So, on the optimistic side, I decided to reach out to the person listed in the newspaper ad, Mr. Gilbert Laudat, to find out their intentions. He explained to me that there are grant funding opportunities available through the Organization of Eastern Caribbean States but they want groups seeking to access these opportunities to be registered with the Culture Department. That information will be available to the OECS but also to the Culture Department locally (I think he’s saying as a physical book – of some 100 copies). “It will mean more support for artists,” Laudat said, in terms of accessing technical and financial grants. It will mean, he said, being in a position, as well, to request public funding from (or is that through) the Culture Department. He also touted the benefits of things like free movement with endorsement from the Culture Department as a registered artiste. He acknowledged the fractured nature of the relationship between the Department and the artistic community but was hopeful that this initiative marked a new beginning.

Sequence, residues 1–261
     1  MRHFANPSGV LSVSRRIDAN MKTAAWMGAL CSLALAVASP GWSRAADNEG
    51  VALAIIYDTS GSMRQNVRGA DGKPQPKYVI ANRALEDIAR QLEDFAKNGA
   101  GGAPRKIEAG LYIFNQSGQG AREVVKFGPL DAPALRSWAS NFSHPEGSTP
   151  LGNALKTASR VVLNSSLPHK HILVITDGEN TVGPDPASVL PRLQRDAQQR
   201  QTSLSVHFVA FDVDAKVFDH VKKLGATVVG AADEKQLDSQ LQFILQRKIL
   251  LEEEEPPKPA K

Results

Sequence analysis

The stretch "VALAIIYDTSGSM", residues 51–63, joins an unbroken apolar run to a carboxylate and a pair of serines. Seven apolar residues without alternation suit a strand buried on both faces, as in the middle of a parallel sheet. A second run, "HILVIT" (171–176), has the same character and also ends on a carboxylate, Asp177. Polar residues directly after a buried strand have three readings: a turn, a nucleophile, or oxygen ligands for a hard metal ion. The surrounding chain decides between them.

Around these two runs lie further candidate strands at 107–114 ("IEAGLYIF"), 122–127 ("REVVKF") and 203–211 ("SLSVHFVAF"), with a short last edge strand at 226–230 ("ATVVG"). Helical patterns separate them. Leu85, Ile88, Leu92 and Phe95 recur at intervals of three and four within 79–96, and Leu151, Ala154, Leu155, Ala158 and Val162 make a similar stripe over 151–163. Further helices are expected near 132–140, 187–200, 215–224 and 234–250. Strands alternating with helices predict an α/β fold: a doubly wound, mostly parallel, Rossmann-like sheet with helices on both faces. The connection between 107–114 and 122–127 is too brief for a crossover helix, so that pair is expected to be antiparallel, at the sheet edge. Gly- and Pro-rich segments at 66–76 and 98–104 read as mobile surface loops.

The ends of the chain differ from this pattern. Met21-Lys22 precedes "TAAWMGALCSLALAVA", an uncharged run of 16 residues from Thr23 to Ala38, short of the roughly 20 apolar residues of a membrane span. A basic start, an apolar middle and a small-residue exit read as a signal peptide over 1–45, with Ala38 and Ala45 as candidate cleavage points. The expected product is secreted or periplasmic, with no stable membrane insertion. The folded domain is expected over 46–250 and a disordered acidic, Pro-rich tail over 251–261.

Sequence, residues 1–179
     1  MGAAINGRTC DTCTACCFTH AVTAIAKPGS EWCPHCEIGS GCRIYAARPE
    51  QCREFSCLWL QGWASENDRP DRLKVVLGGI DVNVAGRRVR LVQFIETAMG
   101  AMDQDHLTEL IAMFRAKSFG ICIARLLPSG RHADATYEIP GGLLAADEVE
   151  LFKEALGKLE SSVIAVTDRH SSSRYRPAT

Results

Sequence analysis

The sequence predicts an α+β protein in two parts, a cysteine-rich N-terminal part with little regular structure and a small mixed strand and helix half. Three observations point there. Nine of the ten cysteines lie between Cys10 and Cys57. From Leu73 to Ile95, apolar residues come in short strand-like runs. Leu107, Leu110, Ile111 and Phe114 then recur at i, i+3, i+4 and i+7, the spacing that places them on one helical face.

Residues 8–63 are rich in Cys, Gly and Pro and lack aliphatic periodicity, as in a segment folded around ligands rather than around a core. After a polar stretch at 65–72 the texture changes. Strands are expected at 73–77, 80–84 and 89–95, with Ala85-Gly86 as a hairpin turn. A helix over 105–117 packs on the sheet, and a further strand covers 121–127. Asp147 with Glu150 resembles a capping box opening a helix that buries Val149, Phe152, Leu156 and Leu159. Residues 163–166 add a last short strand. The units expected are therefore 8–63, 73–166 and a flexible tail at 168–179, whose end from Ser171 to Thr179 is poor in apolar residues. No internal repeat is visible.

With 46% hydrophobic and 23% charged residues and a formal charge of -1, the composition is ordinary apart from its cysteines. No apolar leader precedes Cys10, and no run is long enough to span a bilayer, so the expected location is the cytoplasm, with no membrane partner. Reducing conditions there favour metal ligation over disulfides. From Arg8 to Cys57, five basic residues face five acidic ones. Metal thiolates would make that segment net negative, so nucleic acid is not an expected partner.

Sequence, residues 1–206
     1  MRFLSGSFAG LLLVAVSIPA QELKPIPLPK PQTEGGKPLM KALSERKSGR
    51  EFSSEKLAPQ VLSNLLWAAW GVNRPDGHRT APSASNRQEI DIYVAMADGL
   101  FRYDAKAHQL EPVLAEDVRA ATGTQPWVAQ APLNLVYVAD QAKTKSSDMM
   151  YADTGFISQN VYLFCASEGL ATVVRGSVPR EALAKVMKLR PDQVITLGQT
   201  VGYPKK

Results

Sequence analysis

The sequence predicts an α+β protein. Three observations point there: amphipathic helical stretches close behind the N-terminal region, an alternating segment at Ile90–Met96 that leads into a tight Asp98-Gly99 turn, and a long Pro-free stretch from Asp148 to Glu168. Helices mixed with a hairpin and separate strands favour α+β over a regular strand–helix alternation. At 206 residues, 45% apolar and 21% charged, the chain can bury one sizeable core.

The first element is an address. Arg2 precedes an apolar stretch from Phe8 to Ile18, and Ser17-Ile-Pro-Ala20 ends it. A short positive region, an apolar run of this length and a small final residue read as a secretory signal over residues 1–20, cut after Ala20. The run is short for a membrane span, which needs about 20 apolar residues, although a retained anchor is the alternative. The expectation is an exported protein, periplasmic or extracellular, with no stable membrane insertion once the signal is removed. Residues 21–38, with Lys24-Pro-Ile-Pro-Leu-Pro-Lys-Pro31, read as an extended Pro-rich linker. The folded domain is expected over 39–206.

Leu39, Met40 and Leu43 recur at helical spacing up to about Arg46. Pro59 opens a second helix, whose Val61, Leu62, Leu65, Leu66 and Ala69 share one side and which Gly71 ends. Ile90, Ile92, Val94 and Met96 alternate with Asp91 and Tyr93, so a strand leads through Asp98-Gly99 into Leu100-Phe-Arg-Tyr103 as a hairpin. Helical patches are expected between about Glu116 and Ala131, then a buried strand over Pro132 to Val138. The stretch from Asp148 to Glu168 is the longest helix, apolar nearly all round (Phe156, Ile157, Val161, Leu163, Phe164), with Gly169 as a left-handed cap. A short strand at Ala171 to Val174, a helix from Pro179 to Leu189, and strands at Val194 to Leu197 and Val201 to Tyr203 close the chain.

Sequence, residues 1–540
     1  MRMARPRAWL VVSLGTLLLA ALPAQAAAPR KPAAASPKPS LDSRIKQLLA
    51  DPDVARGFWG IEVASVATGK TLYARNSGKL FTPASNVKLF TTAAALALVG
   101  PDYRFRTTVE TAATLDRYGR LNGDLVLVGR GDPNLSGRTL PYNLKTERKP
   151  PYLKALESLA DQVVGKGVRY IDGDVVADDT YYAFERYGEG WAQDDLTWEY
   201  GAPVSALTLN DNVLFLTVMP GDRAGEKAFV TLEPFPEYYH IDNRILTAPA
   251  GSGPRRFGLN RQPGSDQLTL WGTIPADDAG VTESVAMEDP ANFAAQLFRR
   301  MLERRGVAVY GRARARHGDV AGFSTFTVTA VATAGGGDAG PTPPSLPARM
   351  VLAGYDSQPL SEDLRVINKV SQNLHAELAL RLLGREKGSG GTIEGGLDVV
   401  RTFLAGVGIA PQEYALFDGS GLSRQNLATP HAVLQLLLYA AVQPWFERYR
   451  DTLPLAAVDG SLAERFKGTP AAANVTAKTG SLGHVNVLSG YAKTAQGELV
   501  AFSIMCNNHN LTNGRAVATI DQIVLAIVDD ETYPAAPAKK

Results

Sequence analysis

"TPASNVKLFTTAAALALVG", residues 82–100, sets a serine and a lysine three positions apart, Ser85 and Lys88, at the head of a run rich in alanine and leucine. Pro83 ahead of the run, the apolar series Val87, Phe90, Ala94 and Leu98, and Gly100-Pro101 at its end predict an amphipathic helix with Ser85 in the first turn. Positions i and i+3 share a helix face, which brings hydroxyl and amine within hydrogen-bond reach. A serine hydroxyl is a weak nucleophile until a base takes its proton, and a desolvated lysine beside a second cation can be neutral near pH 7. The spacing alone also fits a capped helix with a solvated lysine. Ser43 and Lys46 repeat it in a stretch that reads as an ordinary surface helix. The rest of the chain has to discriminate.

“Without cultural practitioners, we at the Culture Department cannot do our work,” he said.
Well, he’s saying the right things, and I suppose we will just have to see if the words are backed up by action. I plan to register both myself as a writer and the Wadadli Pen programme, and, well, we’ll see what happens.
Among the things I would like to see happen are …
- Something similar to the Opportunities data base on this page and some protocols for assisting members of the creative community access opportunities available especially through agencies with which the country has a partner relationship – the OAS, the UN, the OECS, etc.
- Training opportunities for artistes
- Commissioning of the skills in the wider artistic community to take programmes to the schools and communities on a consistent basis – put our artistes to work, there are skills here that are underutilized
- Assistance with sourcing funding for cultural products/productions – note I’m not saying dip into the Treasury but using their network to help artistes realize the production of more culturally relevant products and programming
- Support for artistes travelling to represent themselves and the country, and assisting them with networking with the Antiguan and Barbudan community in New York, London, or wherever they’re going